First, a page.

Egypt said on Friday its navy had found human remains, wreckage and the personal belongings of passengers floating in the Mediterranean, the first confirmation that an EgyptAir jet with 66 people on board had plunged into the sea.
Unconfirmed reports about flight data from the Airbus plane that disappeared while flying from Paris to Cairo in the early hours of Thursday local time pointed to several problems that its veteran pilot may have struggled with minutes before the crash.
"The Egyptian navy was able to retrieve more debris from the plane, some of the passengers' belongings, human remains, and plane seats," the Civil Aviation Ministry said in a statement.
President Abdel Fattah al-Sisi offered condolences for those on board.
The navy was searching an area about 290 km (180 miles) north of Alexandria, just south of where the signal from the plane was lost early on Thursday.
There was no sign of the bulk of the wreckage, or of a location signal from the "black box" flight recorders that are likely to provide the best clues to the cause of the crash.
EgyptAir Chairman Safwat Moslem told state television that the radius of the search zone was 40 miles, giving an area of 5,000 square miles, but said it may be expanded.
A European satellite spotted a 2 km-long oil slick in the Mediterranean, about 40 km southeast of the aircraft's last known position, the European Space Agency said.
Egyptian Prime Minister Sherif Ismail said it was too early to rule out any cause for the crash. The aviation minister said a terrorist attack was more likely than a technical failure, but offered no evidence.
Although early suspicion centered on Islamist militants who blew up another airliner over Egypt seven months ago, no group had claimed responsibility more than 36 hours after the disappearance of flight MS804, an Airbus A320.
CNN reported on Friday that flight data, from an automatic system called the Aircraft Communications Addressing and Reporting System (ACARS), said smoke alerts were triggered aboard the EgyptAir jet shortly before it crashed.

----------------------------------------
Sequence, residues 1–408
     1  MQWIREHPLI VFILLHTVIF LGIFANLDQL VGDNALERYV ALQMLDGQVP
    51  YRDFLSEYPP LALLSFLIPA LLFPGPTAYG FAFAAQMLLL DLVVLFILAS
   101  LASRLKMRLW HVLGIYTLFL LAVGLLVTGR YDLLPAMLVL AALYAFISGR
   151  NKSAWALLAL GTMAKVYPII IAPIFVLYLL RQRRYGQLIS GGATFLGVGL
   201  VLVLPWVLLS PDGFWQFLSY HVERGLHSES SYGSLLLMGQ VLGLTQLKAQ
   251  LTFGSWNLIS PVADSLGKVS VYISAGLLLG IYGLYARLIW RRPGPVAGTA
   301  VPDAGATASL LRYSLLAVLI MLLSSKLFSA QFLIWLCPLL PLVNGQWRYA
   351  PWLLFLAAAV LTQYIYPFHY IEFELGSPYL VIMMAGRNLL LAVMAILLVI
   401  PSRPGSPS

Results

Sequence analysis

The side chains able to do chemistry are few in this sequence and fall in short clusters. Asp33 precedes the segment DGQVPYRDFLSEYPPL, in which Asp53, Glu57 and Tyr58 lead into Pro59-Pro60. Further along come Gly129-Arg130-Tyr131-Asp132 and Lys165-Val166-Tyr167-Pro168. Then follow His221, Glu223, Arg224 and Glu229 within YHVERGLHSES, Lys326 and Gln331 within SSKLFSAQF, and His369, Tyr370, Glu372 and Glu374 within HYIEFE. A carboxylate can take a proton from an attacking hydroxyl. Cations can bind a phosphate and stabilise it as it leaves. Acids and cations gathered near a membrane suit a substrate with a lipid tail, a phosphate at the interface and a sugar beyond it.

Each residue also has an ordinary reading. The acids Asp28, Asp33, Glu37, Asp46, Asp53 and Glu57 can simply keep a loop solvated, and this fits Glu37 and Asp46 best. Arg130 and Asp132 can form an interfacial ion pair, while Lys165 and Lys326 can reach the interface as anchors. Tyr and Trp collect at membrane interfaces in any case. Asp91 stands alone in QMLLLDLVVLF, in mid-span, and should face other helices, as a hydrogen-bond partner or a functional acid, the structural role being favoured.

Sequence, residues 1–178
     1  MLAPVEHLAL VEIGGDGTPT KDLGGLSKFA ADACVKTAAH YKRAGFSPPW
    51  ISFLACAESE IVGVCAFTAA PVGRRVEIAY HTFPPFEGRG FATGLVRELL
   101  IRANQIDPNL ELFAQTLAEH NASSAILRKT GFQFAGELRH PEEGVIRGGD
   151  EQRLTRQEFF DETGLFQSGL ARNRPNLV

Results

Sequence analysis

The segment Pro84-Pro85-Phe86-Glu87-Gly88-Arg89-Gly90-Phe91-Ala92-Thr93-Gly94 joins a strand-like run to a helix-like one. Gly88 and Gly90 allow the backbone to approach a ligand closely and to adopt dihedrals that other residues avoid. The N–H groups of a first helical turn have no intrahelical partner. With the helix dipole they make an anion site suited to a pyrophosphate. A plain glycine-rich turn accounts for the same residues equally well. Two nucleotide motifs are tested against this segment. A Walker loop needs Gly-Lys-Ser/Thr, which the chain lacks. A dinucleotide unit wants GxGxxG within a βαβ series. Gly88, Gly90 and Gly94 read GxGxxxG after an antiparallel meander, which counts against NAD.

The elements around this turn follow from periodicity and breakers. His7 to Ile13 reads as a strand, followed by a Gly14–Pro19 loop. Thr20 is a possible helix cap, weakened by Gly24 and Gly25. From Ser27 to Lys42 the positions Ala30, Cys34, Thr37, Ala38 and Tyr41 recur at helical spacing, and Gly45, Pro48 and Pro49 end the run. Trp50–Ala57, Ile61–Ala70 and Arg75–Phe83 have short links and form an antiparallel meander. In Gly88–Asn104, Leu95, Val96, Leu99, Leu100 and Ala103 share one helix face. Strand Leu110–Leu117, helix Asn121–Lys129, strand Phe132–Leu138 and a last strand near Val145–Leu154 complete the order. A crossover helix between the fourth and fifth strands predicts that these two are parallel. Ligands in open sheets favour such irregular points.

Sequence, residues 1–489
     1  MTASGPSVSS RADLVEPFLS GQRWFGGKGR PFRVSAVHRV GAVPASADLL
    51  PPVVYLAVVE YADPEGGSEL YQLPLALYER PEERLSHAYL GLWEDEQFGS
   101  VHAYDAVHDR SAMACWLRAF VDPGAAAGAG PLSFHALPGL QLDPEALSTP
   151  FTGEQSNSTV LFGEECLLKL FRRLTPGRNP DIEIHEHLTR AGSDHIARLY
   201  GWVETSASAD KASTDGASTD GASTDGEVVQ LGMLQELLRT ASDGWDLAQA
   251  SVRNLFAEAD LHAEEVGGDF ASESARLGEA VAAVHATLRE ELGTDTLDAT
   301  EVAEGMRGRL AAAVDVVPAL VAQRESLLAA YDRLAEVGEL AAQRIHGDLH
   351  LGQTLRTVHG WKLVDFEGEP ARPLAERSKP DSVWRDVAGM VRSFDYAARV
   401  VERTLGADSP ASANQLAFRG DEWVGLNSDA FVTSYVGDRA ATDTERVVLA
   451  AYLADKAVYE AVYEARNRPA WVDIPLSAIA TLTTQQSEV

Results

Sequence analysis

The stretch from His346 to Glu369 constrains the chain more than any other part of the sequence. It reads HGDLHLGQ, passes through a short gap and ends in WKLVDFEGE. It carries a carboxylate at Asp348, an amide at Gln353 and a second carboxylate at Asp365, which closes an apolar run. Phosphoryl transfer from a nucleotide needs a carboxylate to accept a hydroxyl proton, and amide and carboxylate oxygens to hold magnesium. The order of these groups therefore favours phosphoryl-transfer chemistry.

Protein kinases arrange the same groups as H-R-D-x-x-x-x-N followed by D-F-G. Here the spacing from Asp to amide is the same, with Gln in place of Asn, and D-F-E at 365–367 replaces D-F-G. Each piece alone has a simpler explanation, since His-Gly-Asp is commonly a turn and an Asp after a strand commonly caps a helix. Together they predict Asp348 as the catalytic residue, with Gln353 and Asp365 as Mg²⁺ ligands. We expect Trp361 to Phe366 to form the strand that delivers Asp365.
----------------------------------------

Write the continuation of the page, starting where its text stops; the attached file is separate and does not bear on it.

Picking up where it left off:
ACARS routinely downloads flight data to the airline operating the aircraft.
Two U.S. officials told Reuters they could not confirm CNN's report. But they said an electronic sensor system had detected some kind of disturbance outside the jet around the time investigators believe it began falling from cruising altitude.
One of the officials said the disturbance outside the aircraft may have been caused by its sudden and rapid breakup, but it also could have been generated by some kind of mechanical fault or accident or a possible explosion or attack.
The officials asked for anonymity when speaking about the still-evolving investigation.
A screen grab of the flight data transmitted by ACARS to operators on the ground, published on the website of the aviation journal AVHerald.com, indicated failures in the jet's flight control system and alerts related to smoke in a lavatory and the avionics system, minutes before the crash.
The screen grab provided on the website showed only very terse messages sent from the aircraft, such as "SMOKE LAVATORY SMOKE," "AVIONICS SMOKE" and "F/CTRL SEC 3 FAULT."
The U.S. officials said they could not confirm the authenticity the data, however, and EgyptAir officials could not be reached for immediate comment.